Another day, another candidate in the race for Massachusetts governor not named Baker. Or Healey, for that matter. 

With today’s campaign launch by Sen. Sonia Chang-Diaz, three Democrats have now formally announced bids for the state’s top job. The Jamaica Plain lawmaker joins former Senate colleague Ben Downing and Harvard professor Danielle Allen in the race for the Democratic nomination.

On the Republican side, former state rep Geoff Diehl seems to be gearing up for a potential run. 

While the race starts to heat up, the campaign is missing the two would-be marquee candidates with proven statewide appeal. 

Pundits have claimed that Healey, a popular second-term attorney general, would be the instant frontrunner for the Democratic nomination — if she gets in the race. So far, however, she has been content to hold back an announcement, while nonetheless hopscotching around the state, maintaining a high profile at events that seem tangentially related, at best, to her official duties as AG. 

Baker, meanwhile, has brushed off questions about whether he’ll seek a third term, suggesting his answer will come later this year. 

That’s left prognosticators to pore over fundraising reports for any breadcrumbs pointing toward what Baker may do. 

Lately, that has meant remarking on his anemic numbers, with $41,000 in donations in January representing the high water mark for Baker’s monthly receipts so far in 2021. In May, he seemed to be raising money at the rate of Chicopee city councilor, with a total haul of just $3,400, his lowest monthly total of the year. 

But June seems likely to show a reversal of those declining monthly fortunes: Baker and Lt. Gov. Karyn Polito are slated to appear at a joint in-person fundraiser after work today at the UMass Club in downtown Boston.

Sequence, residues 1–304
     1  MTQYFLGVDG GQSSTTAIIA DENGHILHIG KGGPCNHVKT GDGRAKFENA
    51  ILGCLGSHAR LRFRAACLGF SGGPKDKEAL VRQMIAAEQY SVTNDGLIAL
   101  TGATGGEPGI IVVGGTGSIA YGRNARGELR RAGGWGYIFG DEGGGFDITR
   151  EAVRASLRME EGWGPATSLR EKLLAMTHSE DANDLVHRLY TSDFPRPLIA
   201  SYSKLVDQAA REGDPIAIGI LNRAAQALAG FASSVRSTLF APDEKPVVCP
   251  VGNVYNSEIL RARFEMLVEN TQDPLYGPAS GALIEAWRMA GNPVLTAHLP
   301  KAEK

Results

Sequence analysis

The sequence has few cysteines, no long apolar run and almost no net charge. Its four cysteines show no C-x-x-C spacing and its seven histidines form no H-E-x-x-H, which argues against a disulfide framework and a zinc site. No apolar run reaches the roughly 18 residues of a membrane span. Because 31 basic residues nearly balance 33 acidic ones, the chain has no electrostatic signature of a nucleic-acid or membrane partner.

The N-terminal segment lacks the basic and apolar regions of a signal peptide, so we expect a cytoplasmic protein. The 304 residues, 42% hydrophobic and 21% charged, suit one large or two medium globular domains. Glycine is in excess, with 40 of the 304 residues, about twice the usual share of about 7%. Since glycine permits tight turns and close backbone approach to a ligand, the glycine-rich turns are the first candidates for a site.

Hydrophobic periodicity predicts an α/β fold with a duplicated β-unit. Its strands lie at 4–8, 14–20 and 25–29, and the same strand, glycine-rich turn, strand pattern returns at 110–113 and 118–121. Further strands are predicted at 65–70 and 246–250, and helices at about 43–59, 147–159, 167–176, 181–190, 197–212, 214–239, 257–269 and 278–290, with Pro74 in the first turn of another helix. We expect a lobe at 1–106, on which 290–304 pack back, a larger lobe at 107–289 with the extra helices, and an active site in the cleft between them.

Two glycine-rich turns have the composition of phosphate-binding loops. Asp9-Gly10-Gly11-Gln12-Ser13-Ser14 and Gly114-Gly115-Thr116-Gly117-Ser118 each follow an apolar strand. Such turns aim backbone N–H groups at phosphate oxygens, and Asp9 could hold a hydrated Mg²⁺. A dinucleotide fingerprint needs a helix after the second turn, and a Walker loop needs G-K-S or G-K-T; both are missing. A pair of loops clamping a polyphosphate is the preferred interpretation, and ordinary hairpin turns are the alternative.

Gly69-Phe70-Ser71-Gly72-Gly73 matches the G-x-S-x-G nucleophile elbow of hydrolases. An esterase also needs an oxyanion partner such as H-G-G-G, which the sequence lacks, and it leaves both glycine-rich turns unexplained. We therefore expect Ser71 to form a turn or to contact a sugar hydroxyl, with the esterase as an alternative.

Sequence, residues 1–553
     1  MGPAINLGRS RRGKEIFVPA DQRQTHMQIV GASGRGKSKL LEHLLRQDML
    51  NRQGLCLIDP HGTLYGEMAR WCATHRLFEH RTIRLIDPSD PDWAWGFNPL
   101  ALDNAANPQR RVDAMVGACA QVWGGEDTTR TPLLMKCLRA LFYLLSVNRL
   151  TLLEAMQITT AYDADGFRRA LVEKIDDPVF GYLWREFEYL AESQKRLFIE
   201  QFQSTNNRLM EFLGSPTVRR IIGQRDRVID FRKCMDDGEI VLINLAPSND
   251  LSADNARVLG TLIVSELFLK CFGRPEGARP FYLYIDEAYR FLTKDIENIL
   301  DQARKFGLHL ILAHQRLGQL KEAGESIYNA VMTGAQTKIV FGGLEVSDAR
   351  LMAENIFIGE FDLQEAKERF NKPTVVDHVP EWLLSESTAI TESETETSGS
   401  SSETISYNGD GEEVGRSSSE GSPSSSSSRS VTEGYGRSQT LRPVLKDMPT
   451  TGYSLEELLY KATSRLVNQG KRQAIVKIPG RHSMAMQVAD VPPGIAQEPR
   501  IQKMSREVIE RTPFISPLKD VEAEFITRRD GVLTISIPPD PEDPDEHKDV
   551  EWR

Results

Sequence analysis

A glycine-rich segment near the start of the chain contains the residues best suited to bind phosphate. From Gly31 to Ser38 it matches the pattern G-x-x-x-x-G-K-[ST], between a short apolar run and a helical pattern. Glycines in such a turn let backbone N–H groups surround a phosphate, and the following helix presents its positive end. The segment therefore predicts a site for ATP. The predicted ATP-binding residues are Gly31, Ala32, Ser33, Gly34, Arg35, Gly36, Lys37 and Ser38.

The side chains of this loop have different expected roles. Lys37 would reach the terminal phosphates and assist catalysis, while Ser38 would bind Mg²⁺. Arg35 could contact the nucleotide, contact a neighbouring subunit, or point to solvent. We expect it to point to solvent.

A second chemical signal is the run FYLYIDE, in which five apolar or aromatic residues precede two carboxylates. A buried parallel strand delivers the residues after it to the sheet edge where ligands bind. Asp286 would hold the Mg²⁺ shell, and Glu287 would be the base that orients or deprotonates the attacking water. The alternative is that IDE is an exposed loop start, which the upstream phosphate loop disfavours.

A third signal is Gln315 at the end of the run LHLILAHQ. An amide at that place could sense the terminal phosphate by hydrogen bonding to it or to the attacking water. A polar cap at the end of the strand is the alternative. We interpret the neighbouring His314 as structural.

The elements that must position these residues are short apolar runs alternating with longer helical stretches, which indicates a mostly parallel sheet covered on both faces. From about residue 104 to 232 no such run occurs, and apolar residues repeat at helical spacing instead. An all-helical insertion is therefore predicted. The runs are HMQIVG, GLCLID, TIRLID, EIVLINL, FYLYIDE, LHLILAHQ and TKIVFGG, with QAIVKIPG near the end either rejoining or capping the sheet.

Intriguingly, the invitation notes that the maximum contribution to the Polito committee is $1,000 per person and $2,000 per couple per calendar year.  “If you have already contributed the maximum amount to the Polito committee,” it continues, “the Baker committee is also able to receive $1,000 per person/$2,000 per couple per calendar year.” 

At first blush, the fine print seems to offer some clues about campaign plans, with donations to Baker framed more as a fallback for those who have maxed out to his lieutenant governor. But there’s actually less to it than meets the eye. 

If Baker and Polito run for reelection, they can draw on funds from both of their campaign accounts, but if Baker bows out and Polito runs for governor, his account would be off-limits to her. In other words, having the default for donations be to give to her account simply keeps their options open — it doesn’t necessarily signal that Baker is out. 

That helps explain why Polito is sitting on four times as much money as Baker, with $2 million in her account to his $484,000. 

Healey, meanwhile, has a cool $3 million on hand. 

The dough show is impressive, but what matters of course is whether they jump in the mix and run. 

Some speculate that Healey would be eager to run in an open race, but less keen to take on Baker. For his part, Baker may already have made up his mind but decided either way that it’s better to delay an announcement, reducing the time that he’s either a lame duck or a full-on target for Democrats. 

While the heavyweights dither, give points to Chang-Diaz, Downing, and Allen for getting in the ring and starting to make their respective cases to voters. 




Voc school enrollment changes: The state Board of Elementary and Secondary Education approved new policies designed to increase minority enrollment at popular vocational schools, but critics said the measures don’t go far enough. The new policy bars schools from using admissions criteria that have a disproportionate impact on minority groups unless they can demonstrate that they are essential to participation in the school’s instruction.

Voc schools with more applicants than seats are allowed to score applicants on the basis of middle school grades, attendance, discipline history, and a guidance counselor’s recommendations. The new regulations prohibit schools from using excused absences or minor disciplinary infractions in their admission rankings.

— Critics said the changes didn’t go far enough, suggesting grades and other selection criteria are influenced by race. The critics called for schools to use lotteries to select students. Sen. John Cronin of Lunenburg said he was troubled the state board was allowing voc schools to craft their own admissions policies. Read more.